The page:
As a guide to the issues facing the City of London during Brexit, who could be better than Tony Norfield, a university Marxist-turned-City-trader now sporting a Ph.D. in economics from the University of London?
With 20 years of experience in dealing rooms at money center banks in London, he explains how finance concentrates power and profits in just a few financial centers, and London leads as an international center. As England and Europe prepare to set the terms of Brexit, Norfield’s historical perspective on how England has promoted finance is fascinating.
For fintech firms wondering if they should stay in London, follow the siren calls from Berlin, apply to the French Tech Ticket program, or look at Lisbon. Norfield has some history to offer: The City, with backing from both Labor and Conservative governments and the Bank of England, has adapted remarkably well to change. It shifted from lending to acting as an intermediary. It used the Big Bang to bring in foreign competition and capital. It shifted from sterling to doing business in the U.S. dollar and dozens of other currencies. And it has welcomed Arab capital with 22 Islamic banks, more than all other western countries combined.
Writing before the Brexit referendum, Norfield predicted that Europe might act against the financial domination of the UK and U.S., and that does appear, sporadically, to be happening. French President François Hollande recently called for a hard Brexit to discourage other countries from following the UK’s example, but the erratic nature of French politics confirms Norfield’s emphasis on the value arising from the security and centuries-long stability of the British state. Unlike Paris, London did not erupt in 1968 and it hasn’t experienced a leadership assassination attempt like the one on DeGaulle. (Norfield kindly omits comparisons with the U.S. on this topic.)
London,which holds a substantial lead over New York as an international financial center, has a geographical advantage, sitting in a time zone between Asia and the U.S., so it can trade with both during regular working hours. It also enjoys a regulatory climate that has long favored finance by allowing its banks, for example, to work with communist countries during the Cold War.
The author occasionally mentions his personal experience at some key points in finance. He was working at a Japanese bank when that country’s surging economy imploded, and he was at ABN AMRO when it moved its securities business to London, but left FX in Amsterdam. A stint in Sydney showed him Australia’s time-zone disadvantage, and he was in regular chats with a Bundesbank officer in London when Britain pulled out of the Exchange Rate Mechanism (ERM).
Norfield uses the term imperialism to describe the role of financial power centers.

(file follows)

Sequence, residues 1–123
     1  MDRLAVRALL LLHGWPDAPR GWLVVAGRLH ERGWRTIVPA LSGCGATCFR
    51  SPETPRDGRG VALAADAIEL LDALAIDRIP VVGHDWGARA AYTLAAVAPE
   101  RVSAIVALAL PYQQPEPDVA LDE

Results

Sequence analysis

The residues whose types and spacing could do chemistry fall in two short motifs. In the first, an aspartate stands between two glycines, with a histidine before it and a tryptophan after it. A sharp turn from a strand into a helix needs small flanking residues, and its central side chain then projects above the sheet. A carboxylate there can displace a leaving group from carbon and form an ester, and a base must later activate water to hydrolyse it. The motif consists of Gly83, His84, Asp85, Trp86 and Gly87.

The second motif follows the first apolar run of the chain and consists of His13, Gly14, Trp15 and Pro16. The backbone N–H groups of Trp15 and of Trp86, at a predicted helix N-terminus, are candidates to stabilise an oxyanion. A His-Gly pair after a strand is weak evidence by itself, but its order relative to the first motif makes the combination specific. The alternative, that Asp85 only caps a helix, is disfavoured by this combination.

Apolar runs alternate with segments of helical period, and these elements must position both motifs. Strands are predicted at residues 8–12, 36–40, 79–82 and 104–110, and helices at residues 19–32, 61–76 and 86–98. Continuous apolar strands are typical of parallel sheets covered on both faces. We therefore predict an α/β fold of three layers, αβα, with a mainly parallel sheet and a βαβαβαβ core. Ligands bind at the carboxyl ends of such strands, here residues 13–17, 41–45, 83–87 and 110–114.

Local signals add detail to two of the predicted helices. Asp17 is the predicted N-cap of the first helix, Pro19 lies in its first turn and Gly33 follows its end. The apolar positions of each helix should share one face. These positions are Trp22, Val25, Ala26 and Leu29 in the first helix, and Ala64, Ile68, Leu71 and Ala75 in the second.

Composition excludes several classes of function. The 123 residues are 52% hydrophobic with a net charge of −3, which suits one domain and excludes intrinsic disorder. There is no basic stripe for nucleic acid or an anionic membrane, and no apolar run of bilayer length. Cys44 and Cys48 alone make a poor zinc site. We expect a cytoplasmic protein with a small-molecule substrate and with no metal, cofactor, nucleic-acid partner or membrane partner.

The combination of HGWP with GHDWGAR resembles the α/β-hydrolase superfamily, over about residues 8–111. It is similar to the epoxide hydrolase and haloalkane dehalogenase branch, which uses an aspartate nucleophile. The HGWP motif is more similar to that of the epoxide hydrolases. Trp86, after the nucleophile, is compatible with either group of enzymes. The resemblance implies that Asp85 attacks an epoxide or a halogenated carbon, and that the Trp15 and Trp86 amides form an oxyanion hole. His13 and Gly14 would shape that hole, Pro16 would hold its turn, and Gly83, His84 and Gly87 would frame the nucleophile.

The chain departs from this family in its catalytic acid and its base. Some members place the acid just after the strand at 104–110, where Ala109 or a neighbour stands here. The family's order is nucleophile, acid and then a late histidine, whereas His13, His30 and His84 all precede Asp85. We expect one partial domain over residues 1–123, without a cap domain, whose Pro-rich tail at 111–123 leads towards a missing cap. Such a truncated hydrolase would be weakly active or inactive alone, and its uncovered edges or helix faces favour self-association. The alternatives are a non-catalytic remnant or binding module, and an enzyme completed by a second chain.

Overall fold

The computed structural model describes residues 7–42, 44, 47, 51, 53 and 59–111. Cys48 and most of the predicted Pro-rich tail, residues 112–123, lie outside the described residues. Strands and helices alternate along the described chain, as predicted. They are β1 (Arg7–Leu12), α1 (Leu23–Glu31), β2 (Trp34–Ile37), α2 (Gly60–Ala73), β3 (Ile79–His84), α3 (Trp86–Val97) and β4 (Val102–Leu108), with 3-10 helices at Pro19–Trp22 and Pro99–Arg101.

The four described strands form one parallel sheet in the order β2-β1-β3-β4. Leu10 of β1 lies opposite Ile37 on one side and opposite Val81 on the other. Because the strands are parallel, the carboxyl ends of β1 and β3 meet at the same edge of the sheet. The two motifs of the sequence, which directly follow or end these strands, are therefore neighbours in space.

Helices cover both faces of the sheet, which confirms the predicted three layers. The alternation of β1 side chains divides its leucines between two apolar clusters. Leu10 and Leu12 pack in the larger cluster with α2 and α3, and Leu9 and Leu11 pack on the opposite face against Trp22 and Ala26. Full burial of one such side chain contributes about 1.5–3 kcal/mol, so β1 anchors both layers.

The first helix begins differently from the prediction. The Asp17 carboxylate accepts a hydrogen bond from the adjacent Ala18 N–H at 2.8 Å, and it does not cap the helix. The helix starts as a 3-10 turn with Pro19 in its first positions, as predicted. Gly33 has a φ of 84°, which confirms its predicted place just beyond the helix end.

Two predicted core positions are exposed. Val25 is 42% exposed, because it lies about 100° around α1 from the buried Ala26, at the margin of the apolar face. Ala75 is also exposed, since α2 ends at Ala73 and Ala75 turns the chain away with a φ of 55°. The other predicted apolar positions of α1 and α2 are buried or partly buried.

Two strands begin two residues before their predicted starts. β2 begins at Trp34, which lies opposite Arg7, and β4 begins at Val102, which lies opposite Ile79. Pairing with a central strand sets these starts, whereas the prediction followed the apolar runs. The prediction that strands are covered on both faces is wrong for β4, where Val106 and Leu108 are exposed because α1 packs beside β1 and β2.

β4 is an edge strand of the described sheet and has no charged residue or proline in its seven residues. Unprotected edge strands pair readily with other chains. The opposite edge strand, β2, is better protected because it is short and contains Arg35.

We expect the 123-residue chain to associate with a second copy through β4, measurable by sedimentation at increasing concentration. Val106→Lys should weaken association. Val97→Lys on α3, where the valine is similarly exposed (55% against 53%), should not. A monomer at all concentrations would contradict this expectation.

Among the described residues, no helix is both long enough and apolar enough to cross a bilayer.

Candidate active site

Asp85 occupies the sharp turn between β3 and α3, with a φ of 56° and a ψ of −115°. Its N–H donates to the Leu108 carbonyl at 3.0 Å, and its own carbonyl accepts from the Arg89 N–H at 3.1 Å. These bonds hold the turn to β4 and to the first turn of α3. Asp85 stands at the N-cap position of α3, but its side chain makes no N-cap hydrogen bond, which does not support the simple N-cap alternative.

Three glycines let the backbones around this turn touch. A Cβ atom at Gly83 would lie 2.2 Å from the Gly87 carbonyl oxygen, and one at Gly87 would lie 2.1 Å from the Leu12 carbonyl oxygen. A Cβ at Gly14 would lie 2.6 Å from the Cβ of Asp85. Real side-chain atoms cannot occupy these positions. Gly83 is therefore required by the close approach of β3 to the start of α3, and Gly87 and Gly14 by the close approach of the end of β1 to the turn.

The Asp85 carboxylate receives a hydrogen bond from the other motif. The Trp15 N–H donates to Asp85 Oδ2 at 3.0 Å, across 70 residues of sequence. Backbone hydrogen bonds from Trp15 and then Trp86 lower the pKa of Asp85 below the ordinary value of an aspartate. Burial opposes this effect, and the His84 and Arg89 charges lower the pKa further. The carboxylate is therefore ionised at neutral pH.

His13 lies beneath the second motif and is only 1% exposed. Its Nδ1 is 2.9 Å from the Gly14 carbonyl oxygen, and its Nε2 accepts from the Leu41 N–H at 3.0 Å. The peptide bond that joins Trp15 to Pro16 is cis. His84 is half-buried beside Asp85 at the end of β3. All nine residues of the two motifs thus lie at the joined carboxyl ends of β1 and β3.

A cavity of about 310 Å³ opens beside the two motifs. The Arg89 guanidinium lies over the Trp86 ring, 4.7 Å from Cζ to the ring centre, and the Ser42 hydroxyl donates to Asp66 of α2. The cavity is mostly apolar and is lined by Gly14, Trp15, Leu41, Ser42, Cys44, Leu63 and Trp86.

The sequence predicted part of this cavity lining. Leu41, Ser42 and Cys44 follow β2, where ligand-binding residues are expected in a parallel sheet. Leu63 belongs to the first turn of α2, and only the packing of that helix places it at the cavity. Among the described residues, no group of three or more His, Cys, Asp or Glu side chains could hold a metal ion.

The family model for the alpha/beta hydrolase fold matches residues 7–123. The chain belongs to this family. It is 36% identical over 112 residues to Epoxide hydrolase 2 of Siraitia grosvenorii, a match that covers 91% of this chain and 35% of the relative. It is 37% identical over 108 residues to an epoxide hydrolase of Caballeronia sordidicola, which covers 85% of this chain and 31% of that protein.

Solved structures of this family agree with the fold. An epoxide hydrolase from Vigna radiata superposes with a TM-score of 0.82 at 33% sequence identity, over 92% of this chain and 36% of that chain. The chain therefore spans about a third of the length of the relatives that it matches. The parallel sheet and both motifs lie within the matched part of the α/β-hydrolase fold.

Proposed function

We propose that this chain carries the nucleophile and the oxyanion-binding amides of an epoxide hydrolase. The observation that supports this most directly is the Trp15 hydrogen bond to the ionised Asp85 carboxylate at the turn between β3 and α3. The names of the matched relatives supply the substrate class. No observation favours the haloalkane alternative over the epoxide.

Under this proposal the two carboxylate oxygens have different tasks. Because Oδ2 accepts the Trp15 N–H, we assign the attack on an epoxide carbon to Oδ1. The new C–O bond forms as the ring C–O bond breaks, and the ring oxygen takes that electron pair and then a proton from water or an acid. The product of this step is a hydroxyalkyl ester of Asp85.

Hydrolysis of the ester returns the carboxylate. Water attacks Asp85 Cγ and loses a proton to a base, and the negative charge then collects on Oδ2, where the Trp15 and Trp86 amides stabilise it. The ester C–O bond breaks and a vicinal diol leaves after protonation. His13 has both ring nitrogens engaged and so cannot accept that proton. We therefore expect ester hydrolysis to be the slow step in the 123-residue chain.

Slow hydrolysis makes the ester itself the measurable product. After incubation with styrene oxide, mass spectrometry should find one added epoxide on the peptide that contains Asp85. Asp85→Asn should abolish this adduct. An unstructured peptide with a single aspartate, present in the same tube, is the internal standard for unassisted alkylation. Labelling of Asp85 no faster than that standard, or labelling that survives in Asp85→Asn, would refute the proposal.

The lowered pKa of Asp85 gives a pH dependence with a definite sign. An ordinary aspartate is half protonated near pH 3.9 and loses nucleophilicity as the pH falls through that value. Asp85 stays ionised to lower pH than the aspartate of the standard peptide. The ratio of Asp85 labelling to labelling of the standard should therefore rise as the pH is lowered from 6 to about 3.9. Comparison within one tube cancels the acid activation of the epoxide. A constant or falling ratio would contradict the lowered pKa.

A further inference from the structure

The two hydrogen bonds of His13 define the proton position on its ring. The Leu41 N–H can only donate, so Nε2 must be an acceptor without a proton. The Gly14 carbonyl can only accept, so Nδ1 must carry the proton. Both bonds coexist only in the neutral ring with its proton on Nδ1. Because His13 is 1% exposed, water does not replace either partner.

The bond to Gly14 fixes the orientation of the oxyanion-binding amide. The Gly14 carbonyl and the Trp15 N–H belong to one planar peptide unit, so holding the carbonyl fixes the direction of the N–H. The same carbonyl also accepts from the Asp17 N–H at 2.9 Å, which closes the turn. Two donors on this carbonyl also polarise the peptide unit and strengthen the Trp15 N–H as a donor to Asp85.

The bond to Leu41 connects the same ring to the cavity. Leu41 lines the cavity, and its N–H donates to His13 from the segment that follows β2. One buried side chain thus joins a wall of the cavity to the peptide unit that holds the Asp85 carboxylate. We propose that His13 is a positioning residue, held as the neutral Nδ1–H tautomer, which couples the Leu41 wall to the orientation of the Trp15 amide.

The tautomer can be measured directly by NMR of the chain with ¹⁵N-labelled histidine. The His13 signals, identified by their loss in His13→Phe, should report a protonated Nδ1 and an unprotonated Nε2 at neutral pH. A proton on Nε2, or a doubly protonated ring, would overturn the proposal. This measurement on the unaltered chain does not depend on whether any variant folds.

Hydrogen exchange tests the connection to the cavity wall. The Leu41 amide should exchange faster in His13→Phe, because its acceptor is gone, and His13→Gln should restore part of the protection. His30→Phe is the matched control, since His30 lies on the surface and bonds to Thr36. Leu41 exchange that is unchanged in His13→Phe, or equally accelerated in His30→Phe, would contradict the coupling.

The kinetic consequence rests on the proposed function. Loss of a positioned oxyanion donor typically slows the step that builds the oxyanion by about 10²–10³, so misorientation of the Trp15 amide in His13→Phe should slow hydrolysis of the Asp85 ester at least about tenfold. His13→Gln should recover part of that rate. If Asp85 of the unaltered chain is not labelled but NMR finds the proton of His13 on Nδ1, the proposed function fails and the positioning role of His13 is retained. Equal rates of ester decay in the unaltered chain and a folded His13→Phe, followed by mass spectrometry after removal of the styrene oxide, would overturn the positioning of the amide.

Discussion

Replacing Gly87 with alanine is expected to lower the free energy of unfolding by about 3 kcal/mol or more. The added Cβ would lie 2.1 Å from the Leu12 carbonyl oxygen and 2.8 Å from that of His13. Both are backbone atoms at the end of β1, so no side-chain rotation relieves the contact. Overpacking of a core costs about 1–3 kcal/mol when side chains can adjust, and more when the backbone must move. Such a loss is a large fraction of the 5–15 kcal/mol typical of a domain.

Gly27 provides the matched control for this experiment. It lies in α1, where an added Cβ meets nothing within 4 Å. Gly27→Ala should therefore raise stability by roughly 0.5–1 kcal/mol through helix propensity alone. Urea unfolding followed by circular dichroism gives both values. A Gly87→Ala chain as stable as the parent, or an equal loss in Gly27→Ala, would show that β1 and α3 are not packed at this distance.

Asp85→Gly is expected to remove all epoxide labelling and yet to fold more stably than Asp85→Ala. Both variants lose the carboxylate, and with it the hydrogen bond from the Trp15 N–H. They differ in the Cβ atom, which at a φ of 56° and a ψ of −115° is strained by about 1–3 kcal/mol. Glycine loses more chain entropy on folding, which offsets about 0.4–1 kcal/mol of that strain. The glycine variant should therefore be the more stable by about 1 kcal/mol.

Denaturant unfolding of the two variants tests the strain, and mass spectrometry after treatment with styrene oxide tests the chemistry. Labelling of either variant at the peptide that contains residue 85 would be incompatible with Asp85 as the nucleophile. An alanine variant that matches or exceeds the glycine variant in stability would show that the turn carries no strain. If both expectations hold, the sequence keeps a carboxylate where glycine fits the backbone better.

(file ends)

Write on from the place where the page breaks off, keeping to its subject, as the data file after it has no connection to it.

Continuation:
The concentration of financial power is a little startling. In 2013, Norfield writes, 75% of the top 100 international corporations were in just six countries — the U.S., UK, France, Germany, Japan, and Switzerland.
“All forms of international finance, and even commerce, can also be seen as parasitic on the value created elsewhere,” he wrote. Countries with advanced finance find customers in countries, rich or poor, with less sophisticated finance. In 2013, the U.S. had a net gain of $209 billion from its foreign investments, equivalent to receiving the entire economic output of the Czech Republic.
Finance is intertwined with politics, with corporations and with competition between the U.S. and UK for primacy. American banking laws have sometimes handicapped the U.S. financial services industry. Even as the U.S. was trying to gain access to the British Empire and trade with Commonwealth countries, American restrictions on foreign banking clashed with its large corporations which were seeking international expansion.
One result was the euromarket, which grew from $1 billion in 1960 to $1,050 billion by 1983, drawing European finance houses to expand their London operations. German banks, Norfield notes, do most of their securities business in London. U.S. banks also expanded London offices because they could serve international corporate clients with funding that was not so readily, or cheaply, available in the U.S. By 1971 the eurodollar market was equal to the money supply of France, and London had attracted 160 banks from 48 countries.
Staying outside the euro has also been a key to London’s position. British political leaders saw in 1976 and 1992 that inside Europe’s monetary system, it would be constrained by other states, particularly Germany.
Norfield believes global developments, often first visible in the financial sphere, can destabilize relationships between major powers.
It is likely that finance will continue to have the support of the British government to help it adjust.
Fintech firms and banks based in London might find Britain’s consistency encouraging. For updates, check Norfield’s blogs about Brexit and other finance topics. And for regular reports on the status of international finance centers, see Z/YEN’s Global Financial Centres Index.Comments